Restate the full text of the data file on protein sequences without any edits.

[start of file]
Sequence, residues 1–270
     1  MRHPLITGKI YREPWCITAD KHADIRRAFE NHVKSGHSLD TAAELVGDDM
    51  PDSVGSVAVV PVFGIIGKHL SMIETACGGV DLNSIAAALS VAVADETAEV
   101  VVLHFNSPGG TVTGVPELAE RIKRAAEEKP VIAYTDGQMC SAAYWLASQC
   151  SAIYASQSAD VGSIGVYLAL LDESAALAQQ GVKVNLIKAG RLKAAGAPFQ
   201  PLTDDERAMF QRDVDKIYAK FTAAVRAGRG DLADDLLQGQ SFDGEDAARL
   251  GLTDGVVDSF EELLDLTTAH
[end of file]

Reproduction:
Sequence, residues 1–270
     1  MRHPLITGKI YREPWCITAD KHADIRRAFE NHVKSGHSLD TAAELVGDDM
    51  PDSVGSVAVV PVFGIIGKHL SMIETACGGV DLNSIAAALS VAVADETAEV
   101  VVLHFNSPGG TVTGVPELAE RIKRAAEEKP VIAYTDGQMC SAAYWLASQC
   151  SAIYASQSAD VGSIGVYLAL LDESAALAQQ GVKVNLIKAG RLKAAGAPFQ
   201  PLTDDERAMF QRDVDKIYAK FTAAVRAGRG DLADDLLQGQ SFDGEDAARL
   251  GLTDGVVDSF EELLDLTTAH